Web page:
Press the tip of a knife in the crack you'll find set slightly behind the eyes on the head, and press down firmly and quickly, splitting the head completely in half. This will instantly sever the main nerve ganglia in the lobster's carapace (though it does nothing to the ganglia around the rest of its body, which is why you'll see its tail and claws continue to move for a long time after the lobster has been dispatched), as well as most of its vital organs.
That a lobster will continue to crawl around and, well, act like a lobster even after its head has been removed is a good indication of the primitiveness of its nervous system. Like a cockroach, its body can still move even without a central brain to control it.
Boiling or steaming the bugs is also an option, and in reality, not much more cruel. The lobsters will continue to show some movement through reflexes for several moments, but their central brain functions cease within the first few moments of hitting the water.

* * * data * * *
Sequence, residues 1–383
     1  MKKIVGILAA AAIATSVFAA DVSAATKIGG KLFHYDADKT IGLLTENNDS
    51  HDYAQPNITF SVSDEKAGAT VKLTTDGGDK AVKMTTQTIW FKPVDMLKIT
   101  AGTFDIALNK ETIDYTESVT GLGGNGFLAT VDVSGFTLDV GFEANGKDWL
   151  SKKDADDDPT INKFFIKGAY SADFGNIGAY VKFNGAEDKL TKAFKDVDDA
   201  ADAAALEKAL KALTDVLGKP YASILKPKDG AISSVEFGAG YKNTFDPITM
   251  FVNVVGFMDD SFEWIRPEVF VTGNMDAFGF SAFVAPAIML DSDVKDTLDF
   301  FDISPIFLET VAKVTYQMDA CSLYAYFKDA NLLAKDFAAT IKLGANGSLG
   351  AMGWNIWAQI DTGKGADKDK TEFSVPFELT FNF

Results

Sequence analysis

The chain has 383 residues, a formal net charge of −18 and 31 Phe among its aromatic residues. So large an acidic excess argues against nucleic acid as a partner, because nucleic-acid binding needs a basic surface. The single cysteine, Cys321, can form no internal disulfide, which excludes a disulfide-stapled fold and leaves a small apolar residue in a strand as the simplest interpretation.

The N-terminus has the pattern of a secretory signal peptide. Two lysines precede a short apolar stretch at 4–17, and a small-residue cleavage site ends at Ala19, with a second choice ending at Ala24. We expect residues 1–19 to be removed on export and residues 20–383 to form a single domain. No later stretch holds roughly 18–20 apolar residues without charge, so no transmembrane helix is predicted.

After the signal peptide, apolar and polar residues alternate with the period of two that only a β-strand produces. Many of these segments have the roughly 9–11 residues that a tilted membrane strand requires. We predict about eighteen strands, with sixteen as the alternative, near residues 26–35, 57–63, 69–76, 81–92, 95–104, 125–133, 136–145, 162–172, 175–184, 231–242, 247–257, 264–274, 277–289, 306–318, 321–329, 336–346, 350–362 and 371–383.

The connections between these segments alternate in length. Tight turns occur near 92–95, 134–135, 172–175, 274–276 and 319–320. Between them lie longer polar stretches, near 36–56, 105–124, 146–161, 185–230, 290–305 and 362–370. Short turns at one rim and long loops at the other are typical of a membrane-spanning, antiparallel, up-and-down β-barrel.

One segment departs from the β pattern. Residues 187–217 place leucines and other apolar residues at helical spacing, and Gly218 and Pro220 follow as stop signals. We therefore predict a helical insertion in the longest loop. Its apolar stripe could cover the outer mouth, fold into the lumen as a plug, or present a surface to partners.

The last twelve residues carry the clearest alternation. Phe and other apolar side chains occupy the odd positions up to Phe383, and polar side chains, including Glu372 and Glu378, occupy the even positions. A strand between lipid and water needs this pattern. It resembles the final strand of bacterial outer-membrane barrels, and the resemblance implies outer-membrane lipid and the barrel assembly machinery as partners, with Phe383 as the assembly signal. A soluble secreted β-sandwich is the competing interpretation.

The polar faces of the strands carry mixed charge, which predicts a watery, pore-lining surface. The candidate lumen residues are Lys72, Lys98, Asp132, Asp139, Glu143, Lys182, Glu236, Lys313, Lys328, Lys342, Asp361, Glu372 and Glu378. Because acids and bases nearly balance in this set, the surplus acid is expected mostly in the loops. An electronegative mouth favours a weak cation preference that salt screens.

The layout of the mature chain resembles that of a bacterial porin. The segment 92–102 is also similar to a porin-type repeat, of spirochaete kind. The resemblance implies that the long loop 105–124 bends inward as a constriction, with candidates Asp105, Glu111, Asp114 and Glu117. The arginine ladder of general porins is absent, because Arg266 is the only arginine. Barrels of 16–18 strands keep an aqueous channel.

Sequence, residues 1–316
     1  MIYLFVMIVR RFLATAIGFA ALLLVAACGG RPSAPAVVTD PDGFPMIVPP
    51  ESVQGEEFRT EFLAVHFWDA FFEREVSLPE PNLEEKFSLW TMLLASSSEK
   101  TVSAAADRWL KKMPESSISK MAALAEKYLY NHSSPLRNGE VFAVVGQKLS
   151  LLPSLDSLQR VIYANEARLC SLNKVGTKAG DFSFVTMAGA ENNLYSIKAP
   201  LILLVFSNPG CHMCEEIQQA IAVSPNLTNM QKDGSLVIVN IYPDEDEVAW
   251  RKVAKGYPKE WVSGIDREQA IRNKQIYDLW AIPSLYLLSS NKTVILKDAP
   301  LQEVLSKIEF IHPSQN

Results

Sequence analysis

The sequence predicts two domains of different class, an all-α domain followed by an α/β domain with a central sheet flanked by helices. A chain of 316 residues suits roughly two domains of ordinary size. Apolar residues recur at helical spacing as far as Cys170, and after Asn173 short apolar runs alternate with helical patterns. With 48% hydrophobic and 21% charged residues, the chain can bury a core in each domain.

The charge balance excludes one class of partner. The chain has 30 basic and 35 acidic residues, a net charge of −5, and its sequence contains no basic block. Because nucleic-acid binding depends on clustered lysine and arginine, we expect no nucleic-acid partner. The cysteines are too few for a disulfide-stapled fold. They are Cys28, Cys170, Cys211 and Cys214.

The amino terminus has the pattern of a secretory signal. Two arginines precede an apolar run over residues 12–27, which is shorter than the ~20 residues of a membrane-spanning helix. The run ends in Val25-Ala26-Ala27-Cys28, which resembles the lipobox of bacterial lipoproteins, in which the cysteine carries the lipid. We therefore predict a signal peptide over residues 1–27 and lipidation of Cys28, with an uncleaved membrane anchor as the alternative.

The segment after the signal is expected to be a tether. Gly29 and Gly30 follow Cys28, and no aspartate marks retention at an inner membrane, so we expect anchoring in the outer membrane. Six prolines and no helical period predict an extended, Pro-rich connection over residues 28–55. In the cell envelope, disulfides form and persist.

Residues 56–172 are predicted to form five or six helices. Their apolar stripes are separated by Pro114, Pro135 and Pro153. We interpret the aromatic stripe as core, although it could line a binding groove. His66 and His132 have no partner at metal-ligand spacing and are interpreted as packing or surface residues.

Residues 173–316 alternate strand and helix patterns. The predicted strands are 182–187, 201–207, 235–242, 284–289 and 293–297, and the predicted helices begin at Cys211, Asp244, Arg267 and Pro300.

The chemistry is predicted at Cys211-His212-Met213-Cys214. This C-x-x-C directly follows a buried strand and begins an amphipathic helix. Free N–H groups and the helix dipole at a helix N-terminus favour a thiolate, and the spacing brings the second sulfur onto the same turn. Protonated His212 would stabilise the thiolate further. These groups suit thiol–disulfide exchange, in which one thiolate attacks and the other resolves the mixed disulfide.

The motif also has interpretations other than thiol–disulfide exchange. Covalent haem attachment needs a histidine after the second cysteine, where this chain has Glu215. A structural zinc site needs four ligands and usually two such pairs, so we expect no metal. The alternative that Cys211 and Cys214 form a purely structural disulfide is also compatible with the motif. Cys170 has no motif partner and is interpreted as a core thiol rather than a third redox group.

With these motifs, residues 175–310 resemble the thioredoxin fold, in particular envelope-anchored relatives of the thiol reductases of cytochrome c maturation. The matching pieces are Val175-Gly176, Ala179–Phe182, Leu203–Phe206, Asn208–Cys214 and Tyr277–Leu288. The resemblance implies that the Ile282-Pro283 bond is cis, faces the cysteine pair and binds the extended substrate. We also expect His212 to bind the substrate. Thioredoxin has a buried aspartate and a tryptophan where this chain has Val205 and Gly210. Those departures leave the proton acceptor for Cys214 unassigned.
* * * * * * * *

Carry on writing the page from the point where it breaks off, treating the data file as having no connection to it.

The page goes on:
How To Cook A Lobster
There are a number of recommended ways of cooking lobster. Let's take a look at them and see if we can't figure out what's really the best.
Method 1: Boiling
Very old recipes for lobster call for cooking times as long as 10 minutes per pound. 10 minutes! Per pound! How the heck did anyone ever eat those rubber balls? As we now know, when cooking meat, temperature is a much better indicator of doneness than time. For optimal tenderness and texture, lobster meat should come to around 135°F, which ends up translating to just around 4 or 5 minutes of boiling for a 1 to 1 1/2 pound lobster (use a thermometer). Any hotter, and you end up in rubber band territory.